I, Robot Color Plates From The Harlan Ellison Illustrated Screenplay Are Simply Gorgeous

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I actually liked a lot about Alex Proyas’ 2004 I, Robot. It may not be a perfect adaptation of Isaac Asimov’s beloved “Robot” stories, but I enjoyed it as a riff on those ideas and as its own thing, even though it’s far from a perfect movie and it does contain 100% more jigginess than I feel Isaac Asimov intended. But the version of I, Robot I’d really love to see is the one presented in the excellent I, Robot: The Illustrated Screenplay. That book charts Asimov and Harlan Ellison’s attempts to bring a the story to the big screen. As with many Ellison-related tales, it’s equal parts fascinating, tragic, and hilarious, and it’s a fascinating look at a slice of “what if” science fiction history. It’s also accompanied by gorgeous hand-painted illustrations by artist Mark Zug. Just check out the cover art:



Minimalist Book Covers For 2001, Dune, Neuromancer, And More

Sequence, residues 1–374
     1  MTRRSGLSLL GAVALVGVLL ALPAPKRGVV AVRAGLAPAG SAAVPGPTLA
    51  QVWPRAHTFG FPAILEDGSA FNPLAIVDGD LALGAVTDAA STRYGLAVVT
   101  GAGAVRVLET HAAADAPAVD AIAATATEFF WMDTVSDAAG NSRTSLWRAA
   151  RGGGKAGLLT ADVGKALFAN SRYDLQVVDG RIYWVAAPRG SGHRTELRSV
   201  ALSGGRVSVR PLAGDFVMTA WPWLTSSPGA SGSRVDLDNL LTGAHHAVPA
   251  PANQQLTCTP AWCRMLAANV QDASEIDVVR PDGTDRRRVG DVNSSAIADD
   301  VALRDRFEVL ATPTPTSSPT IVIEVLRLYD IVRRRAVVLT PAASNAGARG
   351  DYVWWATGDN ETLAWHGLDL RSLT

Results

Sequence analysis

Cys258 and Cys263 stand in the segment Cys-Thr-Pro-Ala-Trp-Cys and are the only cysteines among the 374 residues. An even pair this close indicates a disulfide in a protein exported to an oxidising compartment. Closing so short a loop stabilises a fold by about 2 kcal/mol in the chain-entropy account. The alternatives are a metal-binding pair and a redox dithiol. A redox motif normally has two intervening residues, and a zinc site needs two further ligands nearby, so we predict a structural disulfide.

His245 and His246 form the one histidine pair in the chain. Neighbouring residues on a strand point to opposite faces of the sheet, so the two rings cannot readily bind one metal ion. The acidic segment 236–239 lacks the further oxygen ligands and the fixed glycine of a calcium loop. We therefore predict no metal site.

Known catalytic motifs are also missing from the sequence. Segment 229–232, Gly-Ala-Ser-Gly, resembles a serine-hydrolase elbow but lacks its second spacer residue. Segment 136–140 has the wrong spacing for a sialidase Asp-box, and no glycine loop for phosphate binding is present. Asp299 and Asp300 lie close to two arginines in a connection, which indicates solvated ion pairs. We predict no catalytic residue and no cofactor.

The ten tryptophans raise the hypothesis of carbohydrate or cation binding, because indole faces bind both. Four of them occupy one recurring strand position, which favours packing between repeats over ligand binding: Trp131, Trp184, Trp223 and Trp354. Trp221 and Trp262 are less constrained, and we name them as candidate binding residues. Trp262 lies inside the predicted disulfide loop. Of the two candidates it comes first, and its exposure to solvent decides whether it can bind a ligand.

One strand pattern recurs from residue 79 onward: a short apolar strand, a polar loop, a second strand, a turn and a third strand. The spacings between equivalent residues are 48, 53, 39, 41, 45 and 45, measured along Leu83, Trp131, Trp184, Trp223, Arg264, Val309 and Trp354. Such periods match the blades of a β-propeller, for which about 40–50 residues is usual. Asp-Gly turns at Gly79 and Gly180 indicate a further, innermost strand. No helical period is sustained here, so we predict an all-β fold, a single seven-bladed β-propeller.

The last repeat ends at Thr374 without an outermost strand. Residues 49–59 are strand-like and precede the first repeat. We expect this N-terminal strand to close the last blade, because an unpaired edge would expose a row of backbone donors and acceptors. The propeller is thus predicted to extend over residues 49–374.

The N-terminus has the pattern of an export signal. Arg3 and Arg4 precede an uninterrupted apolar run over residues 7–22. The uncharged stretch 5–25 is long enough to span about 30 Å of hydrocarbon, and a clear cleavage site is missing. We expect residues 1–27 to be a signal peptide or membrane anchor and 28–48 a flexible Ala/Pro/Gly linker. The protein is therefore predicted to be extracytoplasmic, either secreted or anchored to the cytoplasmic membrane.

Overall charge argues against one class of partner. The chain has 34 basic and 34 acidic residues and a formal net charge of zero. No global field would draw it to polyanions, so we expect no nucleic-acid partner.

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2001The whole “minimalist art” thing has been applied to pop culture and science fiction quite a bit in recent years. There’s just something appealing about trying to break down an object or idea into its most basic components, to try and evoke its essence with as few elements as possible. We’ve seen the concept applied to iconic sci-fi weapons, famous scientists, and even the Doctor’s sonic screwdrivers. The latest spin on the idea: minimalist book cover designs for some of the genre’s most noteworthy tomes.

The minimalist designs are courtesy of graphic designer Nicolas Beaujouan, and are part of his so-called “Ultimate Geek Selection.” Up above we’ve got the ominous electronic eye of HAL 9000 from Arthur C. Clarke’s 2001: A Space Odyssey — a pretty obvious choice, but a good one nonetheless. Some of Beaujouan’s other choices are similarly easy to grasp, such as H.P. Lovecraft’s At the Mountains of Madness or Max Brooks’ World War Z.